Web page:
Leaving Lydenburg, they headed towards Delogoa Bay, taking the route past Pretoriuskop, down Voortrekker road past Ships mountain and towards the coast. It was near Ships mountain William Pretorius fell ill with malaria. It was decided that the mission would carry on and Pretorius would return with 2 Shangaans for medical assistance. Unfortunately the fever overcame him and he died under under the old Marula tree in 1848 near the current site of Pretoriuskop.

The 2 Shangaans hurried to Joao Albasini homestead to report what had happened and they returned and buried Pretorius. The peaked hill where Pretorius died became know at Pretoriuskop. And too this day arguments rage as to wether Pretoriuskop is named after William Pretorius who died under the Marula Tree, or after President Pretorius who visited in 1865. Guess we will never know and have the freedom of choice to believe which we want.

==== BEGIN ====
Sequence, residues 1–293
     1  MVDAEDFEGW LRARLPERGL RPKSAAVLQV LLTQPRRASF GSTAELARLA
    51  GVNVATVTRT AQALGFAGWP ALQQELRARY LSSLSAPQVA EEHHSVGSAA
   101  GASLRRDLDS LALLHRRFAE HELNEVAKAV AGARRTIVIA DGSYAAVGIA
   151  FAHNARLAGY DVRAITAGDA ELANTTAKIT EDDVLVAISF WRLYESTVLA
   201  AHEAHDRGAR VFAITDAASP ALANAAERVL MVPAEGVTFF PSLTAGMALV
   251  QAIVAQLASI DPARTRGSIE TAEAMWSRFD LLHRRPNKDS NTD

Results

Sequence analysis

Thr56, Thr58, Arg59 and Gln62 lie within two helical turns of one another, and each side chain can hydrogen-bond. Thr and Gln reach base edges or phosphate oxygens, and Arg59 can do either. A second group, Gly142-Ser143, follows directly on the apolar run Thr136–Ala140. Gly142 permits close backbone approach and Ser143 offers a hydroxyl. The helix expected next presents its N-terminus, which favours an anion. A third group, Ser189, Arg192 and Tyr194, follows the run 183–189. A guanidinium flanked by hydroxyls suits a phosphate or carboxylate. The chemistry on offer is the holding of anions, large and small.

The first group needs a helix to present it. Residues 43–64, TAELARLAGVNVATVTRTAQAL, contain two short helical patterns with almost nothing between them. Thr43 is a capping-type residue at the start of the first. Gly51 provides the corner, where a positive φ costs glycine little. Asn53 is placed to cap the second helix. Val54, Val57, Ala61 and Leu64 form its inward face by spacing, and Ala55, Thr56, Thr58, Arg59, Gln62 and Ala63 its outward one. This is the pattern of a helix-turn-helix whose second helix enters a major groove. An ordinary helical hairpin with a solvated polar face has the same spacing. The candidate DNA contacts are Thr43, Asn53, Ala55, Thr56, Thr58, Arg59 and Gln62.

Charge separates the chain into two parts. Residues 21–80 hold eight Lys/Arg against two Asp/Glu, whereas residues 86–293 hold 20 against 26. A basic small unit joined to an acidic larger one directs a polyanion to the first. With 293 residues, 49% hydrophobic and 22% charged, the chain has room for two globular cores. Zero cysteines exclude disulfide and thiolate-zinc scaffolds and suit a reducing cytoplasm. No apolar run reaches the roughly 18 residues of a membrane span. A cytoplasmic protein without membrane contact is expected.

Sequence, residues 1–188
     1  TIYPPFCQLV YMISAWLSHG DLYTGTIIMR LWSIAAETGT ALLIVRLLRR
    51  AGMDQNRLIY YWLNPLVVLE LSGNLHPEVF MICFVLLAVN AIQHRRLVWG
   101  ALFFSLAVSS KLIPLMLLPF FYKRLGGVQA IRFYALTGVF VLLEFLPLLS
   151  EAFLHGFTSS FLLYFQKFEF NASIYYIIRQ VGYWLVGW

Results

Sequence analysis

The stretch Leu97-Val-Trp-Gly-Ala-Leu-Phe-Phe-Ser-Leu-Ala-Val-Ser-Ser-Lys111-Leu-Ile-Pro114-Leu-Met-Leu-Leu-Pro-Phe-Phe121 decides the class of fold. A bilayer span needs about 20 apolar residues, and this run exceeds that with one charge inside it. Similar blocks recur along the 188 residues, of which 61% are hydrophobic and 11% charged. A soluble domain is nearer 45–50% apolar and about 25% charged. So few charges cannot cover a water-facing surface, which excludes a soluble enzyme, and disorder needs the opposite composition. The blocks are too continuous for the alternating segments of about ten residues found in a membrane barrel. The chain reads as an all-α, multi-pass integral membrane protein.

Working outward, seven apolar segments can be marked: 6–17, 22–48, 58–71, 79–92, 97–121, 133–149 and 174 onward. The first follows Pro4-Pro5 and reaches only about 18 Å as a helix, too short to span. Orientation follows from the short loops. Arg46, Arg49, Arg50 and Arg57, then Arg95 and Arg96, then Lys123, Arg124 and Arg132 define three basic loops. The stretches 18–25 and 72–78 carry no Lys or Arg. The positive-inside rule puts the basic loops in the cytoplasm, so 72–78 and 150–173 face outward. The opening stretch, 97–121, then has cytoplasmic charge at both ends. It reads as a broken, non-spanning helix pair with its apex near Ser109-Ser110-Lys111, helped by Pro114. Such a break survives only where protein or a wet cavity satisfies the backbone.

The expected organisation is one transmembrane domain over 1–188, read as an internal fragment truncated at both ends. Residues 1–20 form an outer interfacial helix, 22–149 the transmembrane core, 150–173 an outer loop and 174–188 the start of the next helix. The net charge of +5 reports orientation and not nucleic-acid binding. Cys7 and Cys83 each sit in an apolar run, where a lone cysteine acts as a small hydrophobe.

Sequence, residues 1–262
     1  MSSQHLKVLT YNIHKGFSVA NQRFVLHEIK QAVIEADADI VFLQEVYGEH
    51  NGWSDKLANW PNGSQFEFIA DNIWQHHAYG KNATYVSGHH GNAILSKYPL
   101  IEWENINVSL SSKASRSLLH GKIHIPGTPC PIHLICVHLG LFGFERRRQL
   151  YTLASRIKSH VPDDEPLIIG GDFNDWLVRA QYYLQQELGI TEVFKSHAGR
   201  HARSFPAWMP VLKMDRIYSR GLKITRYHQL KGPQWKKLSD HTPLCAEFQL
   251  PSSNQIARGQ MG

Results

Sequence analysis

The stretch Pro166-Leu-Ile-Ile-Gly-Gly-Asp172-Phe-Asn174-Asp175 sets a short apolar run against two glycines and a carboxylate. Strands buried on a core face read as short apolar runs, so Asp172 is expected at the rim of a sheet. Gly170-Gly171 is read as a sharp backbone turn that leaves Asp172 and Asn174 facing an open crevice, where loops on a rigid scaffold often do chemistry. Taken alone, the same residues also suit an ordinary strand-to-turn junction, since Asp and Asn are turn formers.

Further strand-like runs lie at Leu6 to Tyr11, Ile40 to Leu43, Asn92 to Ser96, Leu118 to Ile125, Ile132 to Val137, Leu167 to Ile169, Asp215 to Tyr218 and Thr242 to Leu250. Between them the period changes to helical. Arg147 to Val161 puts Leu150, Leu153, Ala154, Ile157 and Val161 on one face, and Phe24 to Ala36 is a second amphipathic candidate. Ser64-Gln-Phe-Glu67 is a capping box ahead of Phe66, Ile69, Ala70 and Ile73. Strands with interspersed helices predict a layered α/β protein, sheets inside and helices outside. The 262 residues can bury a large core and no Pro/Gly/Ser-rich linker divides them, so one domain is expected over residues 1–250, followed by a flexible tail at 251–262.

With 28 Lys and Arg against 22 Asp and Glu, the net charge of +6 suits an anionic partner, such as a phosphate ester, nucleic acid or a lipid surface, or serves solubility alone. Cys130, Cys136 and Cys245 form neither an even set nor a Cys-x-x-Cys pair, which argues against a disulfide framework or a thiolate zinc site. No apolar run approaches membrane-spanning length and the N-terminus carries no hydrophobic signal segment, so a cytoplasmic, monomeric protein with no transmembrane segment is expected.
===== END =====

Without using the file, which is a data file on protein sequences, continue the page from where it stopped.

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Golf game in Kruger Park

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The Skukuza golf course was built in 1972, originally for Skukuza personnel. These days it is open to public and highly recommend for the sheer thrill of hitting a golf ball in the wild.

 

The Skukuza golf course is situated on the outskirts of Skukuza restcamp, next too the Skukuza village. It is a 72 par, 9 hole, 18 tee course, tee off times are between 7.00 am and 11.00 Sunday – Friday.

 

As the course is unfenced, animals are often seen roaming along the course. Regular animals sightings include Impala, warthog, birdlife and even hippos and crocodiles in the surrounding water. Lions, leopard and the like have also been spotted and when you arrive be sure to look at the photos in the office of various kills that have been made by predators on the greens itself. A few months back there was great excitement when the ever elusive pangolin made an appearance on one of the holes.